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Cukor’s friendship-driven narrative naturally leads itself a queer reading. In one sequence, Max tries to show a distracted Mary how to properly seduce a man. I don’t think such a reading is forced, but I do think it is a little unhelpful here. While I find it’s a necessary viewpoint to consider throughout Cukor’s work, I think the personal thing here is the idea of platonic men-women relationships, which sounds so simplistic and unremarkable on paper but it plays out so beautifully, albeit tragically in Cukor’s hands. Mary does have a love interest, Lonny (who I’ll get to later) and while Lonny is a deplorable individual, his presence seems necessary to make us realize the value of Mary and Max’s friendship. With Lonny introduced, the film sets up an easy love triangle, one that would have been expected in 1932. Cukor wisely steers the movie away from this territory.

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If there’s one particularly loud hiccup in Cukor’s visions, it is Lonny himself. He quite literally forces Mary on a date, by dragging her out of her bedroom. He later has to feed her. Such a setpiece is meant to be “charming” in the man’s persistence in his love interest. Again, it wouldn’t have been that unusual to see in a screwball comedy at the time. So how can I excuse Cukor for such a character? Well, I think the fact that he does come off so negatively is a conscious move. Mary and Lonny eventually end up together “happily” or at least we would read this from the final scene’s cinematic grammar. Lonny is such a reprehensible character, though, that it feels like an error to read this so easily.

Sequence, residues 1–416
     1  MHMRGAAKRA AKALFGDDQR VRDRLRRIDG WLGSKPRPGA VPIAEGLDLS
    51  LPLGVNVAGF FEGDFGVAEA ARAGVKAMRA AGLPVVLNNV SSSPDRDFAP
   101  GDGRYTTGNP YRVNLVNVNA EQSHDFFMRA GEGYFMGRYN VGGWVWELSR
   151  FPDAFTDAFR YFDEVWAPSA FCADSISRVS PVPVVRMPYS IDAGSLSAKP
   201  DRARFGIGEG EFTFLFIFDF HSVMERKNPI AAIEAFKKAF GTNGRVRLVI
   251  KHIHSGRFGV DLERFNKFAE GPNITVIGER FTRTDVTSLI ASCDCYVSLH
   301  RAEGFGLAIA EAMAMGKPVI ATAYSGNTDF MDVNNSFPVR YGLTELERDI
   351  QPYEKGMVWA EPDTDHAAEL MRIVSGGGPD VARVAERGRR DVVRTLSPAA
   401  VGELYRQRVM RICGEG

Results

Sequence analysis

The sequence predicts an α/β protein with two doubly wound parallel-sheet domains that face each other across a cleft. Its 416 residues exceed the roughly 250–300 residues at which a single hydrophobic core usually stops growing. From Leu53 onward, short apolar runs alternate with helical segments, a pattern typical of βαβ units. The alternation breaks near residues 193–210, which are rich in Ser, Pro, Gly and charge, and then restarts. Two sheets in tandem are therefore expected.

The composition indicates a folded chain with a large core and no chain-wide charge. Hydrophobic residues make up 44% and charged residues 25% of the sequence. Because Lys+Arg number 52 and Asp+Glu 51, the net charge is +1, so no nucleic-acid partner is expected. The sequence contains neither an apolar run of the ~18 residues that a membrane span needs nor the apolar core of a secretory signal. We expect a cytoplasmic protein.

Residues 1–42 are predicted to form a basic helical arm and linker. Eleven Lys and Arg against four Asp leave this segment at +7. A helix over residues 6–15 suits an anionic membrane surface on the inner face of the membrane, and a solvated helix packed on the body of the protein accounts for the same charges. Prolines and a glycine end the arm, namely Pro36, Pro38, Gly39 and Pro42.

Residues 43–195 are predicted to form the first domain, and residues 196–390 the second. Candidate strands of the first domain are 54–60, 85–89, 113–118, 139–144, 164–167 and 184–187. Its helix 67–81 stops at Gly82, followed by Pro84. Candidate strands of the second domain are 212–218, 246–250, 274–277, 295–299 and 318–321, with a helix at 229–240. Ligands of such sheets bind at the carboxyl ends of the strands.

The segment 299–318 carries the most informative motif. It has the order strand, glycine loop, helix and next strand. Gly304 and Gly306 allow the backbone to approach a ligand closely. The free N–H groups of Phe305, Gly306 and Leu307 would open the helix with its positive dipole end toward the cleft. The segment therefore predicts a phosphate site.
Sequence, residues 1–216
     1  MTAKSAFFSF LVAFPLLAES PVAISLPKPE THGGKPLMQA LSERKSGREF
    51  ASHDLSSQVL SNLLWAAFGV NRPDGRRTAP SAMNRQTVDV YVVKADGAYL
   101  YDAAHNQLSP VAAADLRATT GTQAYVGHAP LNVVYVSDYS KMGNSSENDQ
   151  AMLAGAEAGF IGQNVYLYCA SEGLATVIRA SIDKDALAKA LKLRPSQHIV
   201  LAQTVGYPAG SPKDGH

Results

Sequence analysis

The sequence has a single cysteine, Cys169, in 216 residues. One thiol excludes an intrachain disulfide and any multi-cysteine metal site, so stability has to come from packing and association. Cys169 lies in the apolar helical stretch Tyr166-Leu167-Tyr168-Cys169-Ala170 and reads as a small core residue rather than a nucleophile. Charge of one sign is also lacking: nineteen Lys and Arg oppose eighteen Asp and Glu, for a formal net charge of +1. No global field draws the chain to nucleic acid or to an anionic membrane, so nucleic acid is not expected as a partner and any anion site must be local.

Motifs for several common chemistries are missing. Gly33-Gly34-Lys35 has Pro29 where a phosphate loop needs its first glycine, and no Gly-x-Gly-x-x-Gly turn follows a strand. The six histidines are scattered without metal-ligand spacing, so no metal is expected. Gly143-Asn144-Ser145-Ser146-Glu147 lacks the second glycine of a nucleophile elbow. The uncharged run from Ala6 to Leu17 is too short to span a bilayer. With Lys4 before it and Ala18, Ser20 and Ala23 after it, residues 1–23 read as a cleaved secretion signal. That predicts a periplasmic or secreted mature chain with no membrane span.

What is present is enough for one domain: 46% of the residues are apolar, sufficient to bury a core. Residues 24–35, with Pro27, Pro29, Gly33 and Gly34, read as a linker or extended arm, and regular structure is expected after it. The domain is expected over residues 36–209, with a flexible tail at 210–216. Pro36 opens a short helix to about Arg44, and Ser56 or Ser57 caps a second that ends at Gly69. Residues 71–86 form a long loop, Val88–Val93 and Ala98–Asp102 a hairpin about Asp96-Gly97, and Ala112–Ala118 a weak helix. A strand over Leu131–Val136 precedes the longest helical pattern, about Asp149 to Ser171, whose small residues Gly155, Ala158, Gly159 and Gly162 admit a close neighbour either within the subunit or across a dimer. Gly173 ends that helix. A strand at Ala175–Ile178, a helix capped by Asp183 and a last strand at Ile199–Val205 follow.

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Instead, I find Lonny’s presence and representation of romantic love for Mary to be emphasized as negative to contrast to the more positive friendship she has with Max. How often does cinema, like other forms of storytelling, emphasize the importance of finding “the one” or experiencing true love. Weirdly, this kind of grandiose sensation is one we’re suppose to both feel and try act out, which oddly enough leads to troubling and even abusive behaviors. Fittingly enough, it would not be a stretch at all to classify most of Lonny’s behavior in this film as abusive. A similar diagnosis could be made of most romantic relationships in Hollywood films at the time. The question becomes then if What Price Hollywood? romanticizes such a problematic dynamic or it attempts to deconstruct it? I think Cukor’s usual critical eye for Hollywood’s compulsory heterosexuality is present. Within this though, is a tribute to friendship. Again, it sounds corny, but how often have you seen a film about friendship that wasn’t just heterosexual men bonding? It is a vital image when other such relationships are represented, even more so when they’re cloaked in what appears to be a typical romantic situation.